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Niles History Center
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Discover books, postcards and unique historically themed gifts at our Museum Store!

Featuring Michigan Authors:

                                        Ms. Janet Seaman

Once Upon A River
Once Upon A River:  A Children's History of Niles
is especially for younger readers and was edited by a special committee of the Niles History Center and the Niles District Library.

Indian Trails and Silver Rails:  the Complete Historical Mural from the Niles-Buchanan YMCA

 

 


 

Niles 1929 Centennial Booklet

The Niles Centennial Book was published in August, 1929 and offers an overview of the City's history from its inception in 1829 to its 100th birthday in 1929.  The Niles History Center offers the final batch of original Centennial Books in the Museum.  Click on the book's photo to see pages from the book. 

 

 


 

 

                                        Dr. Michael Nassaney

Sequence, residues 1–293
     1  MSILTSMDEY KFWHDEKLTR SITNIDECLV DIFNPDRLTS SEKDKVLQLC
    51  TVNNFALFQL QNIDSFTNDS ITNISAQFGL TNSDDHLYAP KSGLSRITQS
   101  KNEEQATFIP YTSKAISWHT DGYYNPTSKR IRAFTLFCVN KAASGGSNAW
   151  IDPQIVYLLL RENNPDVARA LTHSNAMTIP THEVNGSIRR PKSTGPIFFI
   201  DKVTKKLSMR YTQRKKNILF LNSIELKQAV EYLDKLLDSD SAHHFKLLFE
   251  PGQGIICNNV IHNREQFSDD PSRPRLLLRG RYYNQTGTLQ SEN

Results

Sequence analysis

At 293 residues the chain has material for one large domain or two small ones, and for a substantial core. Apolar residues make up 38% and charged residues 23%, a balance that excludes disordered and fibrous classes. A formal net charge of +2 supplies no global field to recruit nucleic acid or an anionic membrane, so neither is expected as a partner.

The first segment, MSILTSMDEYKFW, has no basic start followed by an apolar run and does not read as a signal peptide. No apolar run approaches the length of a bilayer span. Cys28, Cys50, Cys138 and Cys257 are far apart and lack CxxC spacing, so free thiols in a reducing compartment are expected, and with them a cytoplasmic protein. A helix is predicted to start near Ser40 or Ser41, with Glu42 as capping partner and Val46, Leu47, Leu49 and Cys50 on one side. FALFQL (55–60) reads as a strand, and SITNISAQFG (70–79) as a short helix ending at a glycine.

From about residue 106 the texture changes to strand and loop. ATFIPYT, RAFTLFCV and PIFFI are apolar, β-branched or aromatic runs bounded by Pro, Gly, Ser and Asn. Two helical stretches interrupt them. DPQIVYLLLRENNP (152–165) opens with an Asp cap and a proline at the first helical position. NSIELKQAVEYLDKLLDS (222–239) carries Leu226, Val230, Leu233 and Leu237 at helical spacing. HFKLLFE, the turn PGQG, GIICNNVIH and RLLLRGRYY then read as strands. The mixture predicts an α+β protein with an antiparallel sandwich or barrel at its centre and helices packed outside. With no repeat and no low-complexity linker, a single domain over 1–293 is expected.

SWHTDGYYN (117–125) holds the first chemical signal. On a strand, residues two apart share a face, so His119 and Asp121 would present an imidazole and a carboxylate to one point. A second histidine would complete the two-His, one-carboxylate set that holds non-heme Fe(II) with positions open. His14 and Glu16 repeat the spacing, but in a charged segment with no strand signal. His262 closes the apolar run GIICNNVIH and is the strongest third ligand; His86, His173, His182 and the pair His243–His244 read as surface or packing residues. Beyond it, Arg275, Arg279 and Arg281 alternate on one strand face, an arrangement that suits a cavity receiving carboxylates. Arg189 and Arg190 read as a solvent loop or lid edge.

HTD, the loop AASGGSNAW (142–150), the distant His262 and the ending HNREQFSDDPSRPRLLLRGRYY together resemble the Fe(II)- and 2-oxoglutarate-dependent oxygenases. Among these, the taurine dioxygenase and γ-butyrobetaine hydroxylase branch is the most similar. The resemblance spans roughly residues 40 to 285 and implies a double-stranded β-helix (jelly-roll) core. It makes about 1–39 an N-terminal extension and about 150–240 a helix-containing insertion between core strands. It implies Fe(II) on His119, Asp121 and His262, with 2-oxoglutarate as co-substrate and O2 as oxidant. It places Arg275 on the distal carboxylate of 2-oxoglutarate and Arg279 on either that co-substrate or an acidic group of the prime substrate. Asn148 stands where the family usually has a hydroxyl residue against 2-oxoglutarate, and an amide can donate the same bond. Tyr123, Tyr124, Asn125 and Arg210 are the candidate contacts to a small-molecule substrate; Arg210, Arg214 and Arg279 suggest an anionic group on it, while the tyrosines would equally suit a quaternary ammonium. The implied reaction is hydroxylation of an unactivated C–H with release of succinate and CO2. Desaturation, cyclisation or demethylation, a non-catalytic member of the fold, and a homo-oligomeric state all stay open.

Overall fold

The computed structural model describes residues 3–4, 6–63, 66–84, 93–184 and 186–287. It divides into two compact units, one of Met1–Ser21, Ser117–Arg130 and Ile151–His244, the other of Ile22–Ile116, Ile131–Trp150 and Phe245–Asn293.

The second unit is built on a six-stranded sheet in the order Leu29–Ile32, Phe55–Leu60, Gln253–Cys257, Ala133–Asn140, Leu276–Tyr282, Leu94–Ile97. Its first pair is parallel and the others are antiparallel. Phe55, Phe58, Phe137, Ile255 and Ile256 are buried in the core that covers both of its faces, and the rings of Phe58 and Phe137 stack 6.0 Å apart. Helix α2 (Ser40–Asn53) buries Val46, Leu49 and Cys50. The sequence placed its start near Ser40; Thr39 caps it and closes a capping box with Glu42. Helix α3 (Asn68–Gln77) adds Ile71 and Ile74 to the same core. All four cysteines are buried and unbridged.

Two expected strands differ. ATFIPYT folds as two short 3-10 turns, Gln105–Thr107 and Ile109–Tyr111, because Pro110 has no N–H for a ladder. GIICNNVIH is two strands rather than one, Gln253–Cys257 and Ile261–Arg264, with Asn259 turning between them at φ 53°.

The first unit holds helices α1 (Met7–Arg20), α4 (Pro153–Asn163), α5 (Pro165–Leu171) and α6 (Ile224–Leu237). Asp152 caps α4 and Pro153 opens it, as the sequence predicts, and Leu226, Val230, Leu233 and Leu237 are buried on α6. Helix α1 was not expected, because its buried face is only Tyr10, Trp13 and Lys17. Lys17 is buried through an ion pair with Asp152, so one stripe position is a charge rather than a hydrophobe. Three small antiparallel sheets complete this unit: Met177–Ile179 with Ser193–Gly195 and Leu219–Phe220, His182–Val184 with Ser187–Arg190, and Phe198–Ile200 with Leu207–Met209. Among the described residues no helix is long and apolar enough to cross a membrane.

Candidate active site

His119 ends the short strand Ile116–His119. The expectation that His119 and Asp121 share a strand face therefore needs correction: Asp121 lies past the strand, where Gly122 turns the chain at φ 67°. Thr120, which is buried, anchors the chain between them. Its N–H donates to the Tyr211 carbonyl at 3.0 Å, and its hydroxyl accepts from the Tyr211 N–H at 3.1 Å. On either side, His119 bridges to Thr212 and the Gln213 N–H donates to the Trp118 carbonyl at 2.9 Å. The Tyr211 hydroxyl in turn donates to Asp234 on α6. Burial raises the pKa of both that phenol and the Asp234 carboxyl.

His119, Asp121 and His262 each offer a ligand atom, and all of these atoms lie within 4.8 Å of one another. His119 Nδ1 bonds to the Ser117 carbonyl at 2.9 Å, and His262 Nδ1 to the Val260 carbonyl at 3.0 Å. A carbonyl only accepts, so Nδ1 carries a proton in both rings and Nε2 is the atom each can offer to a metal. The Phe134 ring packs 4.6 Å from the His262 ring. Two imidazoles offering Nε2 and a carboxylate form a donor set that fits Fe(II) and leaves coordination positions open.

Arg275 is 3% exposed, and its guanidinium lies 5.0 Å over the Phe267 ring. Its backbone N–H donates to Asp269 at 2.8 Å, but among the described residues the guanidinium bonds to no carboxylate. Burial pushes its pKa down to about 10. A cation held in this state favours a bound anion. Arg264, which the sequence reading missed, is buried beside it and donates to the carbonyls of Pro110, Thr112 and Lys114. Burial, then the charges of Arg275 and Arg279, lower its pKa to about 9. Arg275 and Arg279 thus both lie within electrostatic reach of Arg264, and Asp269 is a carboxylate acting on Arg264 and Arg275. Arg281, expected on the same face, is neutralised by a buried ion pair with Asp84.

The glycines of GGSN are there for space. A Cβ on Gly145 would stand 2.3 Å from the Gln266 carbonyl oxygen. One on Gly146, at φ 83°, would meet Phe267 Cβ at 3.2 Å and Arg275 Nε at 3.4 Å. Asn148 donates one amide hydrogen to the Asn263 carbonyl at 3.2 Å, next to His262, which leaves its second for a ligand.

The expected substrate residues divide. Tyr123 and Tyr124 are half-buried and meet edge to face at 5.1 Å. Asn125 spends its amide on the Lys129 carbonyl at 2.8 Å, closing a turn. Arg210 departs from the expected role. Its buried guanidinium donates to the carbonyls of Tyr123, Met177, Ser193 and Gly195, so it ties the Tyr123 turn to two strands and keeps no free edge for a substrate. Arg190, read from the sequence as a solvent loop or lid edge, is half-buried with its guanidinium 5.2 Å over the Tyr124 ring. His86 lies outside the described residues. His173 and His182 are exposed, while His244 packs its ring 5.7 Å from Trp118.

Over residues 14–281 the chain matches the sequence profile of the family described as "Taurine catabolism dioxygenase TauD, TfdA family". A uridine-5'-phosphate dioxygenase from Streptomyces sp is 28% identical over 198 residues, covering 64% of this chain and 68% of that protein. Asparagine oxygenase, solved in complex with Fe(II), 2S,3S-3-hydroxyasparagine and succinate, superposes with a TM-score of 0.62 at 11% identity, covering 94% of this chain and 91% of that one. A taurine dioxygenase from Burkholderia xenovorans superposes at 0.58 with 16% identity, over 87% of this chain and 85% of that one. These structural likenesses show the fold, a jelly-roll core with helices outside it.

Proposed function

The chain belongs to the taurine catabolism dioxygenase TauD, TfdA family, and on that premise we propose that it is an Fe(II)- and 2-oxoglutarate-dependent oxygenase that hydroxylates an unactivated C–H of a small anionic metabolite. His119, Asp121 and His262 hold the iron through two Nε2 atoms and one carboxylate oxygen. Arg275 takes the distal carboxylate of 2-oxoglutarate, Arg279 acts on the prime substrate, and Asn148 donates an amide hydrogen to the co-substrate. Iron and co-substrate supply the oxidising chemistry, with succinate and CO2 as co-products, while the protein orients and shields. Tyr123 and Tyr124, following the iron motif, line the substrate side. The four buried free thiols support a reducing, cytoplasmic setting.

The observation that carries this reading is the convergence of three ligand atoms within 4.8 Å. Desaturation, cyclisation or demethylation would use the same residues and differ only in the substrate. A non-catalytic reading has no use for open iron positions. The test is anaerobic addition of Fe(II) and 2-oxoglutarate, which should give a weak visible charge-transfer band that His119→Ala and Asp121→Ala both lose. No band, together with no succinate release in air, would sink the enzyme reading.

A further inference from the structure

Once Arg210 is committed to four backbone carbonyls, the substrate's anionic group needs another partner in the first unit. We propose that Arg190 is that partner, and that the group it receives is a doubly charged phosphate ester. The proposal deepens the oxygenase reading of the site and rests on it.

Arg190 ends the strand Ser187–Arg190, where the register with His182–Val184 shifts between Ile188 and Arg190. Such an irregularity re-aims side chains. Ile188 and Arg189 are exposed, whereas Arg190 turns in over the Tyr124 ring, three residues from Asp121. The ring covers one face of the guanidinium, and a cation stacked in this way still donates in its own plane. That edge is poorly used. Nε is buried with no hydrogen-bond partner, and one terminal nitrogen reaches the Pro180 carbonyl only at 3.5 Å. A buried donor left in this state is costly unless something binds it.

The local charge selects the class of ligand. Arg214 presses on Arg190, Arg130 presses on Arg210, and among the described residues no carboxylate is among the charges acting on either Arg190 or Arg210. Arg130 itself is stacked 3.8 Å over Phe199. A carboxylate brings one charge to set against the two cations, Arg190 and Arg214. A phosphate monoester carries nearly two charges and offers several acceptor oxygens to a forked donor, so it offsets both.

The North American fur trade left an enduring material legacy of the complex interactions between natives and Europeans. From the sixteenth through nineteenth centuries, the demand for pelts and skins transformed America, helping to fuel the Age of Discovery and, later, Manifest Destiny.
           
By synthesizing its social, economic, and ideological effects, Michael Nassaney reveals how this extractive economy impacted the settlement and exploitation of North America. Examinations of the objects made, used, and discarded in the course of the fur trade provide insight into the relationships between participants and their life ways. Furthermore, Nassaney shows how the ways in which exchange was conducted, resisted, and transformed to suit various needs left an indelible imprint upon the American psyche, particularly in the way the fur trade has been remembered and commemorated.

Including research from historical archaeologists and a case study of the Fort St. Joseph trading post in Michigan, this innovative work highlights the fur trade’s role in the settlement of the continent, its impact on social relations, and how its study can lead to a better understanding of the American experience.